The New Capitalist Manifesto: Building a Disruptively Better Business by Umair Haque, Harvard Business Review Press, 221 pages, $26. 95, Hardcover, January 2011, ISBN 9781422158586 There have been many books released over the last two years about the financial crisis that shook the foundations of our economic system a short time ago, but none have addressed how weak those foundations really are—that maybe, after over 200 years, the very cornerstones of industrial-age capitalism as unstable and badly in need of repair. In The New Capitalist Manifesto, Umair Haque lays out how they can be, and are already beginning to be, rebuilt.
While recognizing that "there's no single, simple definition of capitalism," Haque distills the current paradigm into five foundational cornerstones that are "so familiar to CEOs and clerks alike that they are invisible fixtures of everyday economic life:"
Value chain as the means of production, value proposition as the means of positioning, strategy as the means of competition, protecting marketplaces as the means of advantage, and inert, fixed goods as the means of consumption.Addressing what he sees as The Great Imbalance in that system, a system that "shifts costs and borrows benefits from people, communities, society, the natural world, or future generations" to appear profitable, he lays out a blueprint for a sustainable new foundation. He devotes a chapter to each of the traditional cornerstones and how to rebuild them, replacing "Value Chains" with "Value Cycles," "Value Propositions" with "Value Conversations," "Strategy" with "Philosophy," "Protecting a Marketplace" with "Completing a Marketplace," and "Goods" with "Betters"—all to build a new, Constructive Capitalism.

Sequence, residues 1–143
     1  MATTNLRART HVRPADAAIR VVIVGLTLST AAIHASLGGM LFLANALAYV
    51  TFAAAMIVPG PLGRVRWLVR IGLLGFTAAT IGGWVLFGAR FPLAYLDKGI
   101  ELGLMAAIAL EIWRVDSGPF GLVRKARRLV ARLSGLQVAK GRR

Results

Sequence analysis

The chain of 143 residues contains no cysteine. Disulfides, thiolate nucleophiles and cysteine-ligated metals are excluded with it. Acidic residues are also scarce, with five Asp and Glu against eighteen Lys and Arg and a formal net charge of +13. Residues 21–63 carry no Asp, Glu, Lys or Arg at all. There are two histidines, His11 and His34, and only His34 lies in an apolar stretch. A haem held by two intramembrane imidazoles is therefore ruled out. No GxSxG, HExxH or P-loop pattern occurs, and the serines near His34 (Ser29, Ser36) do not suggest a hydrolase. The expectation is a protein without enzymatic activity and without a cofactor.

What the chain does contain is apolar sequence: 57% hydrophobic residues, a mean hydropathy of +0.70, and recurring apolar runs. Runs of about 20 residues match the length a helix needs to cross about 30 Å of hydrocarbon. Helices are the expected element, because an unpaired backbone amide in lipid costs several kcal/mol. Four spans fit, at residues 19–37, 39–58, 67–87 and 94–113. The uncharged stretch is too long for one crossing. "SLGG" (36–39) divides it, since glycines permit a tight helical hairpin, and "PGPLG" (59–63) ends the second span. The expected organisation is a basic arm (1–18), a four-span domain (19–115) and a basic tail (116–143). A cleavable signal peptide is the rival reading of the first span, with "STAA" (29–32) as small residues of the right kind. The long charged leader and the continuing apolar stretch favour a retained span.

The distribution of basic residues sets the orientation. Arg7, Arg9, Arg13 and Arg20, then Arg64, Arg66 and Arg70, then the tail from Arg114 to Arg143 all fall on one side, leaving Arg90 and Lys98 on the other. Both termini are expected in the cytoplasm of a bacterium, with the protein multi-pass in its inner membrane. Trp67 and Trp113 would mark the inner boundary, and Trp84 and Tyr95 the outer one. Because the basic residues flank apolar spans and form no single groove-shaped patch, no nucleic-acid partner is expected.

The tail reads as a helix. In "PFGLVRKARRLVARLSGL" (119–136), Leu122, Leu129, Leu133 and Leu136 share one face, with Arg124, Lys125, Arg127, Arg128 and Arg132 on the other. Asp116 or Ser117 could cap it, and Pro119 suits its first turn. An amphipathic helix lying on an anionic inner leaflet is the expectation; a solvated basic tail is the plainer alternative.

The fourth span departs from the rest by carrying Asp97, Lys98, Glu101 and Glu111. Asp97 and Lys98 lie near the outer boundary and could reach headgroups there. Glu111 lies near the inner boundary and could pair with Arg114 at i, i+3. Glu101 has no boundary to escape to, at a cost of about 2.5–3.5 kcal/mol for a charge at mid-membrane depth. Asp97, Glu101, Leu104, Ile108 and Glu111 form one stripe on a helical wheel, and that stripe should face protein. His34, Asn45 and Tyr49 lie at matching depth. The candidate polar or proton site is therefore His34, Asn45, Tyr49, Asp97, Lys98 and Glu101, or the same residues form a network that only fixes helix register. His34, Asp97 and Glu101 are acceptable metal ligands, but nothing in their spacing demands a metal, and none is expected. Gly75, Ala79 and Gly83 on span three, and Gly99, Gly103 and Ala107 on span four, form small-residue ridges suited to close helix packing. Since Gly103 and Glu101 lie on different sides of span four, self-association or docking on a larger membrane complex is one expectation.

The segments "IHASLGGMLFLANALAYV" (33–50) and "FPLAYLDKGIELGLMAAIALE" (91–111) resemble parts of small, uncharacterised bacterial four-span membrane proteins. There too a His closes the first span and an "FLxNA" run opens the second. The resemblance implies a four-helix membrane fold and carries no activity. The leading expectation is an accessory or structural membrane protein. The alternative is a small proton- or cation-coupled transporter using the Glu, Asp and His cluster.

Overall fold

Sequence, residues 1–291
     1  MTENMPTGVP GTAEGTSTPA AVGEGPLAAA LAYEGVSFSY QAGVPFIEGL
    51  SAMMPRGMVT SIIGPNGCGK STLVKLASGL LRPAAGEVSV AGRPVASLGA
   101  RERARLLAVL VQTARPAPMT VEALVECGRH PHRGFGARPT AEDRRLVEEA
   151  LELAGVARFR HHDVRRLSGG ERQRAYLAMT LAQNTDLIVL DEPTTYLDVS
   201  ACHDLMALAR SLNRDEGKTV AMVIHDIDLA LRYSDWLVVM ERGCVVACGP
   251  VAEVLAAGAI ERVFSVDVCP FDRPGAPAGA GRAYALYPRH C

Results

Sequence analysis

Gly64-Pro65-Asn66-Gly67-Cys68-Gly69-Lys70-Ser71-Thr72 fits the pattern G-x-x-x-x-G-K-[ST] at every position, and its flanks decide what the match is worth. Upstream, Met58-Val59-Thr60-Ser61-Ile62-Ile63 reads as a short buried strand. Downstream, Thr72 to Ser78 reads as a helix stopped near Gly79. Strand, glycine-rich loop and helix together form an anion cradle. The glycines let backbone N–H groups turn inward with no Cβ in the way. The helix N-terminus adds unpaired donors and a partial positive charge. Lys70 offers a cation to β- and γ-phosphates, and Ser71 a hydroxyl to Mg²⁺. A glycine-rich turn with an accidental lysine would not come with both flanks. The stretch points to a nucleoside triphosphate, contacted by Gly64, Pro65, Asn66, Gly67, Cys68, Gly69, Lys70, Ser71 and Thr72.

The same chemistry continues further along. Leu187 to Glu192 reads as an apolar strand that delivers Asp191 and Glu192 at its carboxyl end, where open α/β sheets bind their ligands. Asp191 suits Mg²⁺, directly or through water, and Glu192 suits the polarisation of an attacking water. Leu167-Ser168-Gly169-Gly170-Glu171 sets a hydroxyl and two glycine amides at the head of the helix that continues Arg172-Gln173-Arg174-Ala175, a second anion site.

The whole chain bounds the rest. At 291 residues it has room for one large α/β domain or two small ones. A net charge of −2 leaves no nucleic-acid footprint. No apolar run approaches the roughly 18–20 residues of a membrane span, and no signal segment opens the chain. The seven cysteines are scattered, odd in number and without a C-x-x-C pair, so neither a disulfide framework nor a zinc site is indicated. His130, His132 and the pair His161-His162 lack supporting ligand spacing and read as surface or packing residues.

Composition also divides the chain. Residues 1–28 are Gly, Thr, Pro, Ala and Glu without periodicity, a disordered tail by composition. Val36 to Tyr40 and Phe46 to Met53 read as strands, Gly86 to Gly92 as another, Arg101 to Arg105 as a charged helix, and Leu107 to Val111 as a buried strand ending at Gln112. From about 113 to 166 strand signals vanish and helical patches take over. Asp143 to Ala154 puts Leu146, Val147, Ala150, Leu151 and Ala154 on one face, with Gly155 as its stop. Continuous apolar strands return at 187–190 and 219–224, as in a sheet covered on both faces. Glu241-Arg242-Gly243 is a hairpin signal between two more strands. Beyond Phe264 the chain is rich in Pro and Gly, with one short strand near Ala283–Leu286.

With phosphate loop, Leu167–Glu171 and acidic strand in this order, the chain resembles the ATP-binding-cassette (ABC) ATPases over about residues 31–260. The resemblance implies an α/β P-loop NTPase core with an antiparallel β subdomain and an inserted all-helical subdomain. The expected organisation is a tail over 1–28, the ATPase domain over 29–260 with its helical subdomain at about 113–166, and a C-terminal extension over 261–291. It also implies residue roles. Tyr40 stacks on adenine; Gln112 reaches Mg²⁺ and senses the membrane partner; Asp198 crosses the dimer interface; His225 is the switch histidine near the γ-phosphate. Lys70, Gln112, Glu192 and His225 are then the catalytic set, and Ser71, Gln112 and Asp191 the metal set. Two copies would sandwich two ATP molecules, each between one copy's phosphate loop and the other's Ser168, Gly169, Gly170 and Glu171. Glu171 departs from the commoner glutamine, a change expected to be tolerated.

While the picture I've painted of the book so far may sound like pie-in-the-sky idealism, it has everything that you'd expect from a Harvard Business School title—solid research, insightful analysis and thoughtful conclusions. And while Haque's language is by turns ominous and inspirational, his approach is entirely pragmatic, showing that Constructive Capitalists—big and small, old and new—have a competitive edge in the kind of value they are able to create, in both the short and long terms.
Haque also understands that this "manifesto" is not about him, but for the reader, writing in the preface that his "insights matter less than your vision, ambition, and passion." And, most importantly, he has produced a wonderfully written book that helps readers become the change they want to see, declaring that "Though the pages that follow are filled with examples ... I don't want you to follow an example, but to be the example."